Who the Russian hackers targeted when they stole Yahoo emails

DOJ: Russian agents behind Yahoo cyberattack
DOJ: Russian agents behind Yahoo cyberattack

Two Russian spies and two notorious cybercriminals hacked Yahoo and used the stolen information for targeted attacks, according to indictments the Justice Department announced on Wednesday.

According to court documents, the hackers -- who allegedly compromised 500 million Yahoo accounts in 2014, in one of the largest breaches in history -- targeted people through both individual hacks and spam campaigns that impacted a broader audience.

The specific individuals targeted included diplomats, executives and an investigative reporter. The hackers also launched campaigns against large groups of users -- including people who searched online for erectile dysfunction medicine.

Consumers affected

The court documents describe in detail some of the methods employed by the four hackers indicted: Russian intelligence officers Dmitry Dokuchaev and Igor Sushchin, who belong to Russia's Federal Security Service (FSB), and two alleged hired hackers Karim Baratov and Alexsey Belan.

According to the complaint, the hackers gained access to millions of Yahoo email accounts and searched through them to try to steal credit card information, financial documents and login information for other private accounts like Gmail or retail websites.

Officials say Belan -- who was already on the FBI's "most wanted" cyber list and is currently in Russia --gained access to more than 30 million Yahoo accounts and stole their contacts to send marketing spam.

Belan also set up a scheme to make money off users who searched online for erectile dysfunction medication. By manipulating Yahoo servers, he redirected users' traffic ultimately to send them to an online pharmacy that pays a commission to people who drive traffic to its site.

Specific government, financial targets

The indictment also includes a laundry list of individuals in the hackers' crosshairs, though none are listed by name.

Hackers allegedly gained access to a European diplomat's account, and they targeted accounts of a former Minister of Economic Development in a country bordering Russia (and his wife). They also reportedly accessed accounts belonging to a Russian investigative reporter, a public affairs consultant dealing with Russia's membership to the World Trade Organization and a Russian Deputy Consul General.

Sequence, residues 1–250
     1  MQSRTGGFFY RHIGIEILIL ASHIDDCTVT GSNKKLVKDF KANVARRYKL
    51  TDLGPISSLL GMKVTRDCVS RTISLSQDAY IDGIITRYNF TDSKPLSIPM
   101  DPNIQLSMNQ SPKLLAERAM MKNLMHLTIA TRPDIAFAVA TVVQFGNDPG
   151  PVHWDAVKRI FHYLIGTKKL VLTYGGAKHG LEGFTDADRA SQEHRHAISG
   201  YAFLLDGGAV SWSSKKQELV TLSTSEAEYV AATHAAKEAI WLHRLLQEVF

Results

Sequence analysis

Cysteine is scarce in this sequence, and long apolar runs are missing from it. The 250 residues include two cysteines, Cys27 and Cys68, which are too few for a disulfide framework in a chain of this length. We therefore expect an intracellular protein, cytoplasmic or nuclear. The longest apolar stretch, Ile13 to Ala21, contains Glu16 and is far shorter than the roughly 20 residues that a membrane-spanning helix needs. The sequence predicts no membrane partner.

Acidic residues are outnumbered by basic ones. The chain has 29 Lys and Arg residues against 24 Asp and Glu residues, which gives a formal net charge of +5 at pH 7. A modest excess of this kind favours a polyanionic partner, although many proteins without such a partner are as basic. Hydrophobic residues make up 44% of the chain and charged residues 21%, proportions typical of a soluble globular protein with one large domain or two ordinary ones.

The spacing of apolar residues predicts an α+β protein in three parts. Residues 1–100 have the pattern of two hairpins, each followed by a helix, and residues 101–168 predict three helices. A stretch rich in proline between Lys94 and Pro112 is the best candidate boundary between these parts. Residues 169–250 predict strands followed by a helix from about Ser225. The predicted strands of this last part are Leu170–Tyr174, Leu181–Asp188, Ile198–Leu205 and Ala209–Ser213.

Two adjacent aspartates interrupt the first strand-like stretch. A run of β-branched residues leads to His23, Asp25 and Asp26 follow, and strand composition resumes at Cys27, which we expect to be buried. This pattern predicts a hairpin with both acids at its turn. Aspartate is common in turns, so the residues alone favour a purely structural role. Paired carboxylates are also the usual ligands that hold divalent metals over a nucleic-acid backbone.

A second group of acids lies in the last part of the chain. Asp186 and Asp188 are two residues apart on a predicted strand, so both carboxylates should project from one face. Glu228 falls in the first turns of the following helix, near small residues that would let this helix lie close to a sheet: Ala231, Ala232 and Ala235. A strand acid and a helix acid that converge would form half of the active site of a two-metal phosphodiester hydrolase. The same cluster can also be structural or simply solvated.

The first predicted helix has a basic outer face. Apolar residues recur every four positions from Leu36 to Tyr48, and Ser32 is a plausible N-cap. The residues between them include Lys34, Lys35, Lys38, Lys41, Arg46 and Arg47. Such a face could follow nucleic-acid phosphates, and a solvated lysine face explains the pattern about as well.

Related: DOJ: 2 Russian spies indicted in Yahoo hack

Other individual targets named in the complaint include three employees from a U.S. cloud services company, a senior officer at a Russian web service provider, 14 employees of a Swiss banking firm, a sales manager at a U.S. financial company, a gambling official in Nevada, an officer of a U.S. tech company, a senior officer of a large U.S. airline, the CTO of a French transportation company and numerous people involved with a Russian financial company.

The indictment says the hackers pulled off the breaches commonly by a method called phishing: Someone sends a malicious link to a website that looks legitimate but isn't. When the victim types a username and password on the fake website, hackers collect that information and use the credentials on the real site.

At the same time they targeted Yahoo, the complaint alleges, hackers also tried to infiltrate other accounts with data they discovered by breaching the Yahoo email accounts.

They allegedly tried to access non-Yahoo accounts of an assistant to the Deputy Chairman of the Russian Federation, several employees at a Russian cybersecurity company, a Russian official in a technology crimes unit, a trainer at the Ministry of Sports of a Russian republic and a chairman of a Russian Federation Council committee.

Other targets included a CEO of a metals industry holding company, a banker and university trustee, an International Monetary Fund official and a prominent businesswoman.

Hackers accessed at least 80 other email accounts, including 50 or more Google accounts, according to the complaint.

The indictments cap almost two years of investigation by the FBI's San Francisco office and its law enforcement partners, the Washington Post reported. Acting assistant attorney general for national security Mary McCord said in a statement the hackers' actions were "beyond the pale."

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